Mr. Xi used his initial speech to display a more populist touch than his recent predecessors. Instead of dryly listing off socialist theories, Mr. Xi talked about what the Chinese people wanted: “better education, more stable jobs, more income, greater social security, better medical and health care, improved housing conditions and a better environment.” He sounded – a little – like a politician campaigning for office rather than what he is: a career apparatchik elevated to power via a byzantine back-room process.

“Worth the wait! [He has] a very human touch!” one Beijing-based microblogger wrote online after Mr. Xi’s speech.

Mr. Xi, who is also Vice-President of the government, will complete his ascension in March when he will formally take over as president from Mr. Hu. While important internationally, the post is widely viewed as less powerful inside China than the leadership of the 82-million-member Communist Party and three-million-strong People’s Liberation Army.

Mr. Xi is more Westernized than previous Communist Party bosses. He has fondly recalled the family in Iowa he stayed with on a 1985 trip to the United States. (There’s a photo of him smiling goofily with the family at what appears to be a birthday party.) His wife, Peng Liyuan, is a famous singer, set to become the most prominent first lady China has had since Mao’s wife was purged and jailed for her role in the Cultural Revolution. The couple’s only daughter studies under a pseudonym at Harvard University.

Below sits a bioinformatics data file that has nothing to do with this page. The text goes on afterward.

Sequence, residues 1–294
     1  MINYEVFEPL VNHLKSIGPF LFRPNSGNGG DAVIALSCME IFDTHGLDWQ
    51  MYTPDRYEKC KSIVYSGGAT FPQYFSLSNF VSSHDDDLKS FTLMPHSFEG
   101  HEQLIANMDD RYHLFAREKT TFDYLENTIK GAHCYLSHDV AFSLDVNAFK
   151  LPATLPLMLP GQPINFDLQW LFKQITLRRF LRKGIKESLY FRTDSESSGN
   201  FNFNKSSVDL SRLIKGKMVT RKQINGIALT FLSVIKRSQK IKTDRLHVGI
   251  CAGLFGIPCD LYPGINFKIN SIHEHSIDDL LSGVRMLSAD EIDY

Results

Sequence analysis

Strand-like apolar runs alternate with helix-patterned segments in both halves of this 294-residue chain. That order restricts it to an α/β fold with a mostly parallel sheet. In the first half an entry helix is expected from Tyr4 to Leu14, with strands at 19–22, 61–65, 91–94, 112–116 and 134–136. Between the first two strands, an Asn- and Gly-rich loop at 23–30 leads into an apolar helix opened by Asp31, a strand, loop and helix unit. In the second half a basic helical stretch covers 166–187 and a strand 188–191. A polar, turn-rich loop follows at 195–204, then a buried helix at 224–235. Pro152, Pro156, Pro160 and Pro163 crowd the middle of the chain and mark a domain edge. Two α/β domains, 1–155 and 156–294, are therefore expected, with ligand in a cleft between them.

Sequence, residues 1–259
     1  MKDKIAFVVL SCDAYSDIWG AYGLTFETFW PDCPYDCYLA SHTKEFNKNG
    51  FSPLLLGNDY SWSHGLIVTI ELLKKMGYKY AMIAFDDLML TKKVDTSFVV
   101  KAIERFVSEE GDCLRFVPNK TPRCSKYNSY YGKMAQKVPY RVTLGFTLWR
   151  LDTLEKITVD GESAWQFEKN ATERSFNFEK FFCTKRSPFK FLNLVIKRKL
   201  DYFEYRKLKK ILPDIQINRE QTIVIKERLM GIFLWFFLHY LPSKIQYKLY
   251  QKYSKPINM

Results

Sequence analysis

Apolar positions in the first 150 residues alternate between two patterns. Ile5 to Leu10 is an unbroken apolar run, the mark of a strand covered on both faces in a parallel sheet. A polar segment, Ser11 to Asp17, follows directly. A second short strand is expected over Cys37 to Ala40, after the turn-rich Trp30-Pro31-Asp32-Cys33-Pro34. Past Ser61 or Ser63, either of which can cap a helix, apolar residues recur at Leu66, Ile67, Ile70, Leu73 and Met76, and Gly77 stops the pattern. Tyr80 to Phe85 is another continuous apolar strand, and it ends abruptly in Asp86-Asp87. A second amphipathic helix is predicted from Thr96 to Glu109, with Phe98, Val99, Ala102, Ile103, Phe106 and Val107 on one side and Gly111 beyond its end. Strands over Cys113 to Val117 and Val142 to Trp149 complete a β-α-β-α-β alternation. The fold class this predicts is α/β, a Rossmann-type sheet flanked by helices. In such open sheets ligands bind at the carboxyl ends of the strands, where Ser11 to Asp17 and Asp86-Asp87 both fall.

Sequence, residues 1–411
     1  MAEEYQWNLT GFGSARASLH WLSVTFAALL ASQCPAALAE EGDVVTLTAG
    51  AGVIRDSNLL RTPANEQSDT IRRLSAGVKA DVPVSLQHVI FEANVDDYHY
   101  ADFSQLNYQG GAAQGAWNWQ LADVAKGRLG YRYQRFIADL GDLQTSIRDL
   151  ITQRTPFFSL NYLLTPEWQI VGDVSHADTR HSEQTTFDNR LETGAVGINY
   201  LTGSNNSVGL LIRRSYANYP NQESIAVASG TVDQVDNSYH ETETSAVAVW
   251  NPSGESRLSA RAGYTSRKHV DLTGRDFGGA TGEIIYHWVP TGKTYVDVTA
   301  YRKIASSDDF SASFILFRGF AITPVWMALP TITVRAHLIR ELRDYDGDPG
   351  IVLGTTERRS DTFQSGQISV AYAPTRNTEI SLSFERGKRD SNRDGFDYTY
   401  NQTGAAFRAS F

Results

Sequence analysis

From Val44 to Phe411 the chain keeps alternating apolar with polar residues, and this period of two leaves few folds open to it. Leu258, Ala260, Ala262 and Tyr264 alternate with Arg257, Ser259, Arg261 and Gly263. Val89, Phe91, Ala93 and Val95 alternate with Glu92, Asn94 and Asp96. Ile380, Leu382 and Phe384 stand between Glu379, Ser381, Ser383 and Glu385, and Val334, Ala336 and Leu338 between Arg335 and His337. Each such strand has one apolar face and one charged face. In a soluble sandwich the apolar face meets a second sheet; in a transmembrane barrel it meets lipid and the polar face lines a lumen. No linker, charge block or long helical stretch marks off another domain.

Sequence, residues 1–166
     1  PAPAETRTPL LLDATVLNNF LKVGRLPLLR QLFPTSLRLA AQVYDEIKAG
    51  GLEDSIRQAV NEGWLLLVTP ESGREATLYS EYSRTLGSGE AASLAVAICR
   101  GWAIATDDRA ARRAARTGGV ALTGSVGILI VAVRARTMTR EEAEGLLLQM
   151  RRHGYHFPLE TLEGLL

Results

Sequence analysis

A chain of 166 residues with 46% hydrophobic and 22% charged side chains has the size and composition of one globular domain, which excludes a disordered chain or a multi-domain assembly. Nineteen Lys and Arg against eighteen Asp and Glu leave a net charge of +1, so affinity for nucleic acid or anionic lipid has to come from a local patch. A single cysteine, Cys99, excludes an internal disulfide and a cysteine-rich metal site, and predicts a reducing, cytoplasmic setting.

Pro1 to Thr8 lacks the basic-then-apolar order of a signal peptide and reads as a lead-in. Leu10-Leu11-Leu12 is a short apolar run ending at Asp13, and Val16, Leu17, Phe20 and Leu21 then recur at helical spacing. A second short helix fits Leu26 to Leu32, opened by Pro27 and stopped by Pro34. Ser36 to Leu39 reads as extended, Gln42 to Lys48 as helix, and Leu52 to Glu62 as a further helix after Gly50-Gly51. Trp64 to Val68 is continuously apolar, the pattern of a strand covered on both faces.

But others see Mr. Xi as a member of the party’s privileged, “princeling” class, as children of China’s famous revolutionaries are known. They’re viewed as a generation that believes they were born to rule and who have no intention of letting go of their accumulated power and wealth. An investigation earlier this year by the Bloomberg news agency – which traced upward of $750-million (U.S.) in assets to Mr. Xi’s extended family – supports that thesis. The bloomberg.com website has been blocked inside China since it published the exposé in June.

Mr. Xi’s first remarks as general secretary suggested he’s aware of how the Communist elite are viewed in the country they rule, following a year of corruption scandals.

“Problems among our party members and cadres of corruption, taking bribes, being out of touch with the people, undue emphasis on formalities and bureaucratism must be addressed with great efforts,” he said, speaking under the chandeliers of the East Hall of the Great Hall of the People.

Other Communist leaders have made similar remarks in the past. What made Mr. Xi’s speech different was the personable tone. The first words out of his mouth were a humble “sorry to have kept you waiting” – words that stunned assembled Chinese and foreign reporters more accustomed to being ignored by Communist officials.

One of the first measures announced following the power transfer was a cut in the price of fuel, starting from Friday. Another apparent change was at least a temporary loosening of some of the controls on the Twitter-style Sina Weibo microblogging website. One previously banned term you can now search for: “Xi Jinping.”